OFCCP Revises "Pay Equity Audits" Directive

Date   Aug 18, 2022

On August 18, the Office of Federal Contract Compliance Programs (OFCCP) issued Directive 2022-01 Revision 1.  This revision is in response to significant criticism from the contractor community and their representatives regarding OFCCP’s Directive 2022-01, Pay Equity Audits, issued on March 15, 2022.  By way of background, Directive 2022-01 set out OFCCP’s expectations with respect to contractors’ compliance with the regulatory requirement in 41 CFR 60-2.17(b)(3) to perform an in-depth analysis of their total employment process, including their compensation program. The Directive also required contractors to produce the methodology and results of their “pay equity audits” if requested by OFCCP in the course of a compliance review.

The revised Directive includes a number of amendments including:

  • OFCCP explicitly reaffirms that it will not require contractors to produce pay equity analyses and related communications protected under the attorney work product and attorney-client communication privileges. However, OFCCP also states that there are limits to these privileges. 

Documentation that contractors have complied with their regulatory obligations is not inherently privileged. Specifically, facts regarding what a contractor did to comply with 41 CFR 60-2.17(b)(3) are not “communications covered by the attorney-client privilege.” (citations omitted)

  • All references to “pay equity audits” have been removed and the required assessment is now referred to as a “compensation analysis.”  This change appears to be in response to confusion among contractors as to whether OFCCP was requiring production of their proactive privileged pay equity analyses.
  • OFCCP underscores that 41 CFR 60-2.17 authorizes the agency to review documentation of a contractor’s compensation analysis to confirm that it evaluated its pay system for race, ethnicity and gender-based disparities. It further notes that “the most useful form of documentation is a contractor’s full compensation analysis.” (emphasis added) Unfortunately, the Directive does not define a “full compensation analysis.”
  • If a contractor believes that its full compensation analysis is protected from disclosure pursuant to the attorney-client and/or attorney work product privileges, it may provide other evidence that an analysis was conducted. OFCCP will accept a non-privileged analysis limited to the establishment or FAAP under review for the time period at issue in the audit.  This is a practice FordHarrison attorneys have successfully used in a number of prior audits.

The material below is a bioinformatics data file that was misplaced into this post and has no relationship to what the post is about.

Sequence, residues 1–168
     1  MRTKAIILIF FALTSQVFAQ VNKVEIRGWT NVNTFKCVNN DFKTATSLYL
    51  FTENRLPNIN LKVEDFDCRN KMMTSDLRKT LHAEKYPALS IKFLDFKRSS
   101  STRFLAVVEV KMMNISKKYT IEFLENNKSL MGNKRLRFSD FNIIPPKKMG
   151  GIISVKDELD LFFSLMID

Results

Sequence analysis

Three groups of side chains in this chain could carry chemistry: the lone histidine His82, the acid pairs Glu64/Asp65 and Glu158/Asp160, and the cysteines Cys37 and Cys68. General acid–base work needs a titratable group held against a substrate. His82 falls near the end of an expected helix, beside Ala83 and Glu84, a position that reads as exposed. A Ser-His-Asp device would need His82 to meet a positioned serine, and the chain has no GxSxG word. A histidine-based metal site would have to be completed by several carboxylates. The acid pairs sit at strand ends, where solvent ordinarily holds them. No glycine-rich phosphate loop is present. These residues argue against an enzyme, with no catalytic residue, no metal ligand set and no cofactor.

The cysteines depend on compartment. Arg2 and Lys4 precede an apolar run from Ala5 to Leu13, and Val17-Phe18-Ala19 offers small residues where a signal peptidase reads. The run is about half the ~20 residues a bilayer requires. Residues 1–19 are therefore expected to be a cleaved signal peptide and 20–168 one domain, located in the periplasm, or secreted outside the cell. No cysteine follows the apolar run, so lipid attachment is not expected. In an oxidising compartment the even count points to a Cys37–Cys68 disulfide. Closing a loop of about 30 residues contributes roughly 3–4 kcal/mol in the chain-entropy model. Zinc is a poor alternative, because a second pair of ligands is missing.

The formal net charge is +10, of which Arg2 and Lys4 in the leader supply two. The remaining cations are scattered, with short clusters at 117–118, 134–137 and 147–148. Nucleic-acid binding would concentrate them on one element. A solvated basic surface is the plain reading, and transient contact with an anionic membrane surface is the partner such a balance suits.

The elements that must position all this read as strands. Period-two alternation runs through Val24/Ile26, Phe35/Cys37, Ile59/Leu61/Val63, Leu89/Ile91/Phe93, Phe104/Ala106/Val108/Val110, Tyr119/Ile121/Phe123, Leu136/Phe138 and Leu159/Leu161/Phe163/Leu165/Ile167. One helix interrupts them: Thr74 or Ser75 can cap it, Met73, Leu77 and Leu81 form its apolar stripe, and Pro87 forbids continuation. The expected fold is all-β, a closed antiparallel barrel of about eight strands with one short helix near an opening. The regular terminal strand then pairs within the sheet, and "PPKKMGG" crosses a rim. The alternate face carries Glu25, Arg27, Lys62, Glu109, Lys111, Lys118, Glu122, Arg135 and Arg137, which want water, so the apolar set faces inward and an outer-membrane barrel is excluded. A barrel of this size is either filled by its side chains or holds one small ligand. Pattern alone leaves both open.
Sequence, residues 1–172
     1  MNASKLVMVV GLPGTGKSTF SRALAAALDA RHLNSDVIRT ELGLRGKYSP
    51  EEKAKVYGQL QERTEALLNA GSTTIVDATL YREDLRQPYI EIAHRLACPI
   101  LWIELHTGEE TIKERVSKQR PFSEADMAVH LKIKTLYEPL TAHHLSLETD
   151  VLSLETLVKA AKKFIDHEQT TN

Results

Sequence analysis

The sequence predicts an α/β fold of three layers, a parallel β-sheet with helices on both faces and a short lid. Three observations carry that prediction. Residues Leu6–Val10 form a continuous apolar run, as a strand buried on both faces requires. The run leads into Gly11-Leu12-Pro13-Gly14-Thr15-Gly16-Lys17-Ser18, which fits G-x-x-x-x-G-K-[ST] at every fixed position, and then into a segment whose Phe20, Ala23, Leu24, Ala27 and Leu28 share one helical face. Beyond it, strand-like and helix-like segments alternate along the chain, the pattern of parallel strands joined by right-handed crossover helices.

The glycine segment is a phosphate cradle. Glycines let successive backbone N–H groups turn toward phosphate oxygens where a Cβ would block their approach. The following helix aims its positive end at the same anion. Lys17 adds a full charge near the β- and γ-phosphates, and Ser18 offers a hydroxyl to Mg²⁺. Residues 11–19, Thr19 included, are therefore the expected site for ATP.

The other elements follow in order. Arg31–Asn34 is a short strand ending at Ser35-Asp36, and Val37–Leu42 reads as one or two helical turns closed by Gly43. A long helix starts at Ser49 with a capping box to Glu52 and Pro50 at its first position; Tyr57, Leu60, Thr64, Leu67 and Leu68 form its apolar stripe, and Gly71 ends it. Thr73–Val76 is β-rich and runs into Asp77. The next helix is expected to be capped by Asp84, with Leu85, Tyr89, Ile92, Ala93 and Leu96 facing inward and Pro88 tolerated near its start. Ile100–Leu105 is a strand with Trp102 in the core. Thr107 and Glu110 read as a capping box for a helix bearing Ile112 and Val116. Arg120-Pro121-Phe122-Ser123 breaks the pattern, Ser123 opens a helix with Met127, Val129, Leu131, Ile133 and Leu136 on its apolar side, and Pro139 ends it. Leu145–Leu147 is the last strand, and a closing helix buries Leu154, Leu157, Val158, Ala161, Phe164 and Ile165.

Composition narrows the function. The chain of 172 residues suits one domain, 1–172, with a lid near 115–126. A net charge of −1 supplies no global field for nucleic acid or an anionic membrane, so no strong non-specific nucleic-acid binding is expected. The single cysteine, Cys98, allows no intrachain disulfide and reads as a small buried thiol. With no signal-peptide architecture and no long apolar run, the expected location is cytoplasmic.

Alternatively, contractors may provide a redacted version of their compensation analysis or an affidavit that includes the following information:
    • date when analysis was completed; 
    • number of employees included in the analysis;
    • number and “categories” of employees excluded from the analysis;
    • which elements of compensation were included in the analysis and which were excluded (e.g. base pay, bonus, etc.);
    • whether elements of compensation were analyzed separately or at a total compensation level; and
    • the method of analysis used (e.g. multiple regression, decomposition regression, meta-analytic tests of z-scores, compa-ratio regression analysis, rank-sums tests, career stall analysis, average pay ration, cohort analysis, etc.).

OFCCP expressly states that it does not view any of this information to be privileged.

  • The Directive also recommends that contractors provide all evaluated pay groupings, an explanation of how employees were grouped for purposes of analysis, variables or controls considered, and the “model statistics” for race, ethnicity, and gender-based variables.  OFCCP does note that it understands that this information may be privileged but underscores that production of this information would be helpful to bring an audit to a close.
  • Where a contractor’s analysis identifies “problem areas”, OFCCP will require documentation of its compliance with 41 CFR 60-2.17(c), including
    • the nature and extent of any pay disparities found;
    • whether the contractor investigated the disparities;
    • confirmation that the contractor implemented “action orientated programs” to address any problem areas, including the jobs these programs target, any pay increases that were provided, and/or any changes to the compensation system, policies or procedures; and
    • a commitment that the contractor intends to measure the effectiveness of the action orientated programs.
  • Contractors that fail to provide sufficient non-privileged documentation of their compliance with 2.17(b)(3) will be found not in compliance.

Directive 2022-01 Revised is a significant improvement from the original Directive. OFCCP expressly recognizes the legal privileges and provides alternatives for demonstrating compliance. However, OFCCP will be the arbitrator of what constitutes “sufficient non-privileged documentation.” Contractors who are currently on the scheduling list should contact counsel to discuss strategies for complying with 2.17(b)(3) and ensuring that legal privilege over proactive pay equity assessments is well documented. 

If you have any questions regarding the issues addressed in this Alert, please contact the author, Nancy Holt,, partner in our Washington, DC office. Of course, you can also contact the FordHarrison attorney with whom you usually work.